Type I Diabetes

Type I diabetes is very rare in cats.

It is caused by an inappropriate auto-immune response which sadly destroys all of the cells in the pancreas that produce insulin.

Type II Diabetes

The most common kind of diabetes in cats is type II diabetes.

Risk factors that increase the likelihood of a cat developing type II diabetes include:

  • Obesity
  • Lack of exercise
  • Malnutrition

In this kind of diabetes, too much sugar in the blood causes cells to become less reactive to insulin, causing them to stop absorbing glucose.

This increase of sugar in the blood in turn destroys cells that produce insulin and further exacerbates the problem.

Type III Diabetes

This rarer kind of diabetes is caused by insulin resistance like type II diabetes.

However, this insulin resistance is caused by other factors like hormones (particularly pregnancy hormones) or tumors.

What Is Insulin?

Insulin is a hormone produced by the pancreas.

This hormone attaches itself to certain cells and then signals to those cells when it is time to absorb glucose.

If the body does not produce insulin, or if the body’s cells cannot “understand” insulin’s signals, then none of the glucose in the cat’s body can be absorbed.

As a result, cats with diabetes suffer from hyperglycemia, an excess of glucose in the blood.

What Causes Cat Diabetes?

Why do cats get diabetes?

While there is no single cause for diabetes, there are several risk factors.

Type I diabetes is caused by an autoimmune response that kills off insulin-producing cells in the pancreas.

If you want to know how do cats develop diabetes, here are some of the risk factors that increase the likelihood of developing type II diabetes:


If you are wondering what causes type 2 diabetes in cats, diet is often a huge factor.

Cats require a diet that is high in protein with a moderate amount of fat and a small amount of carbohydrates.

If your cat regularly eats a diet high in carbohydrates, it is more likely to develop diabetes.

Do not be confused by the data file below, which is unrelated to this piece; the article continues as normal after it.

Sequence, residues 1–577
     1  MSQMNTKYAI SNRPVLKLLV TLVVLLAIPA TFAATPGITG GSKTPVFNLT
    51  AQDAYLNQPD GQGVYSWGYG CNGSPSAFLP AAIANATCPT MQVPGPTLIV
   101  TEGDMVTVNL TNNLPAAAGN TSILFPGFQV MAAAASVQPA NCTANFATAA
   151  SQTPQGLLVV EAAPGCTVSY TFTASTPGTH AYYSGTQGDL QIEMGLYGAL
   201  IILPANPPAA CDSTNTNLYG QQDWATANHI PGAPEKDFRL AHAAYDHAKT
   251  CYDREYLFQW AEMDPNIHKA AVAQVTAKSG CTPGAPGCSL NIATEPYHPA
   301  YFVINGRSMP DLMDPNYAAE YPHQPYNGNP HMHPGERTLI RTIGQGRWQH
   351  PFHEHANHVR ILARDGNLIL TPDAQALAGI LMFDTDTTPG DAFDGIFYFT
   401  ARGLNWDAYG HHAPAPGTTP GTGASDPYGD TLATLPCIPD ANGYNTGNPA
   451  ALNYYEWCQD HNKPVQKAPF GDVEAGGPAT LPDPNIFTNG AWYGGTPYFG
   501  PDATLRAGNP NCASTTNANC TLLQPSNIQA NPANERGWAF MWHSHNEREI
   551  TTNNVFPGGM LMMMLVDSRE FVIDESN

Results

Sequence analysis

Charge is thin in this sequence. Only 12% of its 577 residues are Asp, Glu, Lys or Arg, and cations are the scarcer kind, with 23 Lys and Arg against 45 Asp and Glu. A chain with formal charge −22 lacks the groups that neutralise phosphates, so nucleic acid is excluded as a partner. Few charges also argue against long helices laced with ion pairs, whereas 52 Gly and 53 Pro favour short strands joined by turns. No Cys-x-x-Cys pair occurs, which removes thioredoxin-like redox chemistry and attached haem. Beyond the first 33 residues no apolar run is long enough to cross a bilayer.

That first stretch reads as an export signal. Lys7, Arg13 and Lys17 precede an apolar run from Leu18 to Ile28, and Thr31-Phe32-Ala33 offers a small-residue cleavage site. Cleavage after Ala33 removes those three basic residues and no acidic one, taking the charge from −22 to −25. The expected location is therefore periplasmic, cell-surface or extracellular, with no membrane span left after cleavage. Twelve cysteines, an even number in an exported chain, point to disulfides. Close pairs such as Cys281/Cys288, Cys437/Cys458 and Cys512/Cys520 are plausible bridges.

Studies suggest that obese cats are four times more likely to develop diabetes than cats of a healthy weight.

It is important to give your cat lots of exercise through playtime, and you may even want to consider taking your cat on walks outside if it is overweight.


Middle-aged and senior cats are significantly more likely to develop diabetes than young cats.


Male cats, particularly those that are unneutered, are more likely to get diabetes than females.

This is the best age to neuter a Maine Coon.


Glucocorticoids are often used to treat cats with asthma, but the use of glucocorticoids can also increase a cat’s likelihood of developing diabetes.

Are Maine Coons Prone To Diabetes?

If you are wondering how common is cat diabetes, you might want to know what percentage of cats get diabetes. Research suggests that anywhere from 0.5 to 1% of cats have feline diabetes.

Unfortunately, when it comes to the relationship between Maine Coon cats and diabetes, this breed of cat is at a slightly increased risk of developing diabetes compared to other cat breeds (source 1).

How Are Cats Diagnosed With Diabetes

If you want to know how to test cat for diabetes, you will have to visit the vet.

For those of you asking, can I test my cat for diabetes at home, the answer is no.

While many owners assume a simple blood test will reveal if their cat has diabetes, a proper diagnosis requires two steps.

If you suspect your cat has diabetes, your vet will want to take both a blood test and a urine test.

While a blood test may indicate high levels of glucose, a urine test is necessary for cats. This is because cats are prone to high blood sugar, particularly in times of stress.

Simply visiting the vet can cause enough stress for a cat’s blood sugar to suggest diabetes, even if that is not the case!

Urinalysis will determine if there is enough glucose in the urine to diagnose diabetes.

If your cat is showing symptoms of diabetes, make sure you go to the vet even if you think you understand the cause.

The symptoms of diabetes are often similar to many other endocrine disorders or even conditions like kidney problems.

It is therefore very important to get the opinion of a professional before making any changes to your cat’s lifestyle (source 1).

How Is Cat Diabetes Treated?

If your cat has been diagnosed with diabetes, do not despair!

There are many treatment options available so your cat can continue to live a normal, healthy life.